Thursday, August 3, 2017

Good-bye, #CampNaNoWriMo

Time to gather round the campfire one last night and say good-bye to CampNaNoWrimo. It was fun, it was crazy-making, and it was often challenging to reach those word quotas, but we did it. Yay! And as always, I hasten to assure my fellow writers that if the best you could do was churn out an outline and a chapter or two, you still got some writing done and that's a win for sure.

As with every adventure, the minute I come home I like to unpack, sort out my souvenirs, go through my ticket stubs and guidebooks, and reflect on what the trip meant to me. In the case of CampNaNo, I didn't have to go very far from home, but I still came back with a virtual bag of goodies, mainly in the form of knowledge. Things I learned include:
  • Choosing to write short stories rather than a novel wasn't as good an idea as I thought it would be. Don't get me wrong, I love writing short pieces, but it was sometimes difficult to end one story and then immediately begin working on a new topic with new characters, settings, and conflicts. I kept thinking I was "finished" with the whole thing only to have to start writing again. A novel, I believe, would have provided an easier flow of productivity.
  • On the positive side, however, when a story's plot-line bored or evaded me, it was easy to conclude it with either a "happily ever after" ending, or drop it completely. In the latter situation, I was sure to make notes on various possible endings for when I do go back to edit and revise. 
  • Whether I brought a story to a conclusion or not, I re-discovered and re-affirmed how much I love writing. I really do. First drafts are exciting. I can't imagine a life without them.
  • I also learned that I'm a true "pantster," i.e., someone who writes "by the seat of their pants." The one certainty that kept me enthused every day was not knowing what would happen next. My curiosity was all the motivation I needed.
  • I enjoyed being in a community of writers, especially being part of a cabin. It was encouraging to know other writers were busily typing or scribbling away, going through the same struggles and bursts of inspiration as me.
  • It was great to stop marketing my current novel-for-sale for a few weeks. Putting query letters, synopses, and bio-statements on hold for a month was heavenly.
  • Slow and steady does win the race. Although I did have some miraculous moments where I was able to write 4000+ words in a single session, in general I was happy sticking to anywhere between 1500-2000 words a day. I realized there's no need to over-achieve on days that are busy, chaotic, or full of unexpected catastrophe. Just 30-minutes a day can be more than enough to get that story written!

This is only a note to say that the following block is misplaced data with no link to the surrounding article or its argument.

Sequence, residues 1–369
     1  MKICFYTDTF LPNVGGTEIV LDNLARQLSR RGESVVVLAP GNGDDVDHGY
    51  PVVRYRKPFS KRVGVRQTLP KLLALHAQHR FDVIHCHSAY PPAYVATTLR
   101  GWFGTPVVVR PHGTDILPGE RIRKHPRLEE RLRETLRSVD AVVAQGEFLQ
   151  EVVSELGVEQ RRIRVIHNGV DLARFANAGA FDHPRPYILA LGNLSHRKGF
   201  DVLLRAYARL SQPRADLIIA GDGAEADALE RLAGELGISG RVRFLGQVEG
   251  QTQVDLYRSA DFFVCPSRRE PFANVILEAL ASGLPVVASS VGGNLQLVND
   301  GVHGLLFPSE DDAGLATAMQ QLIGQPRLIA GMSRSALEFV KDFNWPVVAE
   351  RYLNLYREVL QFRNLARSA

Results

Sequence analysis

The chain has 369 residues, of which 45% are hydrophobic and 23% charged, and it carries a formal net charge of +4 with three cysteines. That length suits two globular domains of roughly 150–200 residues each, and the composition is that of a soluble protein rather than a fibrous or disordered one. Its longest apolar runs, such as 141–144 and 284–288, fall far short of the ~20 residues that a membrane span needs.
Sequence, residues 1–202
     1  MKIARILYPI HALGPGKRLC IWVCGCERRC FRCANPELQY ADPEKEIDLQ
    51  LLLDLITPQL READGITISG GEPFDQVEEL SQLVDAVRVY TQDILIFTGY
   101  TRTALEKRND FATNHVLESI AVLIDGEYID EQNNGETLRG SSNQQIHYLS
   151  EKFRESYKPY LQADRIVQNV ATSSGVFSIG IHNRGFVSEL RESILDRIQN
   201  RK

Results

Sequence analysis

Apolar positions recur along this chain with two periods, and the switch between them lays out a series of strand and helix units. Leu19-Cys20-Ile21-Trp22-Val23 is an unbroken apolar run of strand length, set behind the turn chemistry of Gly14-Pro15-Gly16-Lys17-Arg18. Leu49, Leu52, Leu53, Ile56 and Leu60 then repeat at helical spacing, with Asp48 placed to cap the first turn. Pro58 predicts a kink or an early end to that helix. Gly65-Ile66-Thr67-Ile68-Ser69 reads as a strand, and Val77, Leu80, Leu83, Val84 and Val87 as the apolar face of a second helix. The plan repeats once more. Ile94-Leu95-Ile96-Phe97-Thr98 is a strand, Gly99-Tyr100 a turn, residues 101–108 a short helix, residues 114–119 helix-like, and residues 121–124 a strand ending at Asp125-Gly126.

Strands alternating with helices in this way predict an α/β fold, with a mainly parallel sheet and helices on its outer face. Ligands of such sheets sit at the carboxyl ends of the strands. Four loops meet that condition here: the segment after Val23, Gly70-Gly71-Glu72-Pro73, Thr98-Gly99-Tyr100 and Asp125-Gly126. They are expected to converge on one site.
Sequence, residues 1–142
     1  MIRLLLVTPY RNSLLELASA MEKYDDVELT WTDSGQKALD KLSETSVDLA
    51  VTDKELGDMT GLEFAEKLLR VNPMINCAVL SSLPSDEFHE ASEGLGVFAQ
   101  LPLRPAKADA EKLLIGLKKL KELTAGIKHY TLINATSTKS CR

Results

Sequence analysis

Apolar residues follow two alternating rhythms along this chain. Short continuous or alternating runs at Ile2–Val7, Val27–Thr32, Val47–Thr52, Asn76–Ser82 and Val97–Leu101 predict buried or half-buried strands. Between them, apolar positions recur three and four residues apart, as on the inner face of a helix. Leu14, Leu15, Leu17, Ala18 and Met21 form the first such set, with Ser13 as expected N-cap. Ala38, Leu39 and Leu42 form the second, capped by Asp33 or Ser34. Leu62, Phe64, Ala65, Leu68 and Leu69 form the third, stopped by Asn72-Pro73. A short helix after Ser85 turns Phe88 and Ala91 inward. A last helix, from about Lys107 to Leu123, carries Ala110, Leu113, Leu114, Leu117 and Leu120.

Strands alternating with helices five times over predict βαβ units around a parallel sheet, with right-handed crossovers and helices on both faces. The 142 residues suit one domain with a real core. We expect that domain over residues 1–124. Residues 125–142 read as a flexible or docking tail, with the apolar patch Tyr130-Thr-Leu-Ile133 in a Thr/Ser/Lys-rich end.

• I'm glad I took the time to create both a book of writing prompts and an accompanying art journal to go with my manuscript. I'm looking forward to continuing with the journal, and my prompts are great subjects for illustration, particularly for my children's picture book WIP. Double-duty!
As a "take home" reward and gift to myself for attending camp every day, I've splurged on a new bottle of sumi ink, a pad of rice paper, a bunch of collage ephemera and papers, and a sketchbook designed solely for ink and markers. Oh, and a 20-piece set of my favorite Akashiya watercolor pens. (I was VERY well-behaved, LOL!) So here I go: ready and set to keep  on writing  and drawing till at least the end of the year.

Back in January, or even May for that matter, I had absolutely no intention of signing up for #CampNaNoWriMo. In fact, if you'd suggested I do so, I would have come up with a thousand ways to say no. Yet when I made my decision to join up the week before camp started, it felt like the most natural thing in the world. Spontaneity is an important part of the creative process. Never let your plans become so rigid that you miss out on valuable, and unexpected, experience. 

Tip of the Day: Even with toasted marshmallows and dips in the pool, a solid month of writing can be exhausting. If you're finding yourself suffering from word-burn, a good way to take a break without losing your momentum is to switch your focus from writing text to activities such as designing your book cover, creating a book trailer, writing your log line, synopsis and query letter, and if necessary, putting together a detailed character and plot map. Not only will your energy levels increase, but you'll also have a wealth of fresh ideas for beginning your revision and marketing tasks. 

Thursday, July 20, 2017

Reporting from #CampNaNoWriMo

Greetings from #CampNaNoWriMo! I'd love to say I'm sitting by an infinity pool sipping on an icy-cold margarita and booking in a massage for the afternoon, but the truth is I'm at work, the fan in my doorway is making a terrible racket, and the only thing vaguely tropical is the office rubber plant (and it's not doing that great in the Albuquerque heat). 

Consequently I've been thinking up a whole array of ways to improve my campsite, as well as my word count (only 460 words yesterday. Me and the rubber plant are wilting together). I decided I could do with some incentives, so here's my plan for the rest of the month: